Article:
CG: Why did you choose to write crime fiction?Learn more about the author and her work at Linda L. Richards' website.
LLR: It wasn't anything as premeditated as that: choice. I set out -- as I always still do -- to write the story that was in my heart; the thing that was most of interest to me. It turned out that one of those things was human interaction under extreme duress and the way the world can unravel when you least expect it. In a nutshell: I kept tripping over dead bodies!
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CG: The Depression-era setting of the Kitty Pangborn novels seems especially relevant now, with recent economic news. What initially drew you to write stories set in the thirties?
LLR: Kitty Pangborn was born as I went through a period of reading a lot of classic crime fiction a few years ago. I think I was moved most deeply by some of the work of Raymond Chandler and Dashiell Hammett. And one of the notable facts about the very earliest PIs -- the ones we still read and to a certain degree celebrate today -- is that, from a purely practical standpoint, there was just no way they could be solving crimes as illustrated in the books. Not without help. Those earliest PIs would get out bed in the morning and start drinking. By lunch they'd be feeling no pain at all and by quitting time, they had to have been flat-out drunk. And as I read I began to see these characters in a different light. I felt as though I was seeing what wasn't in the stories and that was what I wrote: the stuff between the lines. The stuff that wasn't there.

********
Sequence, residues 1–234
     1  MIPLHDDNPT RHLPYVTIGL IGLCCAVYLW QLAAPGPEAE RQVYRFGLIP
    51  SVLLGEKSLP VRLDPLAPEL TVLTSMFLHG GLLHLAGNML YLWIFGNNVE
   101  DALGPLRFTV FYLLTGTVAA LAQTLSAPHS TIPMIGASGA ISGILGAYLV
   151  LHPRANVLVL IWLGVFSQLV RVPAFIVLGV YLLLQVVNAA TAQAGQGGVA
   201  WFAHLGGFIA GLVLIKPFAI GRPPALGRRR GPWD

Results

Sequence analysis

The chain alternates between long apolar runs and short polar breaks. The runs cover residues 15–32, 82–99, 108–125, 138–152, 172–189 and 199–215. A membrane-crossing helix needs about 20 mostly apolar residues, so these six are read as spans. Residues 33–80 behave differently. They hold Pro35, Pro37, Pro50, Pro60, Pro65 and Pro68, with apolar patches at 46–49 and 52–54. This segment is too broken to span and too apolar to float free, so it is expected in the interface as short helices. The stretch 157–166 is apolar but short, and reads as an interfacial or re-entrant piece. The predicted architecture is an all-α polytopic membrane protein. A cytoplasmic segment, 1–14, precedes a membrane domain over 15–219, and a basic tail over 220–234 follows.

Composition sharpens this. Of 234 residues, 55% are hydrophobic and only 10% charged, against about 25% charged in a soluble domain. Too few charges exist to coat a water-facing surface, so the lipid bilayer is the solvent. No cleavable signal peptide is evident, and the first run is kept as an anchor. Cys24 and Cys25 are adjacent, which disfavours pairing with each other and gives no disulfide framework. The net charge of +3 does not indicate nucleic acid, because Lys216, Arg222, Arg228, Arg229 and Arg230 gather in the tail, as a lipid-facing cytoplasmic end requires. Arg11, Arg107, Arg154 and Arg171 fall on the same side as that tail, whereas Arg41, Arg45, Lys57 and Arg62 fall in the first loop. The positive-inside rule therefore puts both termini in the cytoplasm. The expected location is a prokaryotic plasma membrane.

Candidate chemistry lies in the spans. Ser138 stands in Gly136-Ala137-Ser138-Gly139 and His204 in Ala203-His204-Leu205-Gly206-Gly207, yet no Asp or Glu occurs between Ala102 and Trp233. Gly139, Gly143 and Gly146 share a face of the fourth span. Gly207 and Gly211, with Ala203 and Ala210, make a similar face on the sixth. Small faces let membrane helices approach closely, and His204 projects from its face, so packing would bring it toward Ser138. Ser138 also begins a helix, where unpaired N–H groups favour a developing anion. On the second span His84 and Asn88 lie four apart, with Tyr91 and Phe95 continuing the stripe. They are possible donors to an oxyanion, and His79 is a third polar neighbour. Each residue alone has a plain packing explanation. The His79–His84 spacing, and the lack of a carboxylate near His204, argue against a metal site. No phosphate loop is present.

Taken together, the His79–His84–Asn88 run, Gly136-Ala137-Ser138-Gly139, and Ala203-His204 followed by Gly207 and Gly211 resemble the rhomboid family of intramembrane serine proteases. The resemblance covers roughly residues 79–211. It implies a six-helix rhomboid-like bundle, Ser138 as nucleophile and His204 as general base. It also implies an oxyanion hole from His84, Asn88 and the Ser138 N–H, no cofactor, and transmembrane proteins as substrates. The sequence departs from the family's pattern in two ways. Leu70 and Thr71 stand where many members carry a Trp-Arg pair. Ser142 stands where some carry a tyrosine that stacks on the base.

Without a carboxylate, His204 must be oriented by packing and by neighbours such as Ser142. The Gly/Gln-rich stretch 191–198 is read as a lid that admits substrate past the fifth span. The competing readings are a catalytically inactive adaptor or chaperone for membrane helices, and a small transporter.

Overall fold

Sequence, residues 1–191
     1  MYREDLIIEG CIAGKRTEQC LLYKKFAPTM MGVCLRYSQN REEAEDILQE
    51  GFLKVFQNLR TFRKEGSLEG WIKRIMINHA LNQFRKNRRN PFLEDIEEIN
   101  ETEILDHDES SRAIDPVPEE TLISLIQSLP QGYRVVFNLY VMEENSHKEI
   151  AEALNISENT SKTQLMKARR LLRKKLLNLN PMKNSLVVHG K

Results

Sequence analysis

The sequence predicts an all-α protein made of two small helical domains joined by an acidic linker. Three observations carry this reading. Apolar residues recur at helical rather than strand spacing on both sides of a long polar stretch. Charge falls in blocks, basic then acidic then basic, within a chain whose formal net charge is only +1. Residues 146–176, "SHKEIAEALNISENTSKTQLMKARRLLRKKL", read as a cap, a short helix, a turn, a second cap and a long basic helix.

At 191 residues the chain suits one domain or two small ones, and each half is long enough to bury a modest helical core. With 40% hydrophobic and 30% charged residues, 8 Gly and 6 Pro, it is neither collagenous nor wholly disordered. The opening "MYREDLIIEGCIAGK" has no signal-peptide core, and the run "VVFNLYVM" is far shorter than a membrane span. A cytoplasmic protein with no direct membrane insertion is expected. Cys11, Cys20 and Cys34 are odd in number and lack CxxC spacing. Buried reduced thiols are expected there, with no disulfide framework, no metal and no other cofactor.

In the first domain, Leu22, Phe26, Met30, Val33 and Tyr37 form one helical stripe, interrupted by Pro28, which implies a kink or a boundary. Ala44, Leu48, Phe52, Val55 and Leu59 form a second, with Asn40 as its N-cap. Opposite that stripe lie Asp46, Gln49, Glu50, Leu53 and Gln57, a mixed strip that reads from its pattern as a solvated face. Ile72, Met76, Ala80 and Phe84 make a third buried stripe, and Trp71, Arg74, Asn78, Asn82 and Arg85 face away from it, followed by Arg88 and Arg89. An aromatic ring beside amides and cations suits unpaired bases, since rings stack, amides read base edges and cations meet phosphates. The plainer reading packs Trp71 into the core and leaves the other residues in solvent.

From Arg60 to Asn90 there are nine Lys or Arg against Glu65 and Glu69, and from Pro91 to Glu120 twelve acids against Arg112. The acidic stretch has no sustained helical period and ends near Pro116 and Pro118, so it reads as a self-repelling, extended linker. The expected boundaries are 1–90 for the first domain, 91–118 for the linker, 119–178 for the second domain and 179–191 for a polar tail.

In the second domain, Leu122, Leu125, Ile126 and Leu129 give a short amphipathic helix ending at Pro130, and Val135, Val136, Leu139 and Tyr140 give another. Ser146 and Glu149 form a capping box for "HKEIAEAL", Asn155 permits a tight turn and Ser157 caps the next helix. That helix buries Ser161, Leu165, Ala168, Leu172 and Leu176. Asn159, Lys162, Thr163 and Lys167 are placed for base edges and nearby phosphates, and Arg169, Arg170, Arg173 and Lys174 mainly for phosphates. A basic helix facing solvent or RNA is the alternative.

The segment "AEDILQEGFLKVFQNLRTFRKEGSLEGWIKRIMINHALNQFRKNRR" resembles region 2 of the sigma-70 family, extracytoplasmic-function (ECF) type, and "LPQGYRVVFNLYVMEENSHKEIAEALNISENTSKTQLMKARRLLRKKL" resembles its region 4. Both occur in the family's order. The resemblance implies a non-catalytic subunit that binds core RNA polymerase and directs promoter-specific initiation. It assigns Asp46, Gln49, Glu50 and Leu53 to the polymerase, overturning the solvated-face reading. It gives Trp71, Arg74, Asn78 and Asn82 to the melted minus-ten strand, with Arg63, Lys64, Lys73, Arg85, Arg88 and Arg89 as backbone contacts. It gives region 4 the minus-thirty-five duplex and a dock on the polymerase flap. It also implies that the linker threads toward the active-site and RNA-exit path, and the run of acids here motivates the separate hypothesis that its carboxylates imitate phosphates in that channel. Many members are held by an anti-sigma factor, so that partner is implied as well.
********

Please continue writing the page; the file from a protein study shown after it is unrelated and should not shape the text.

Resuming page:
To me, the most classic of all the classic novels of crime fiction is...[read on]
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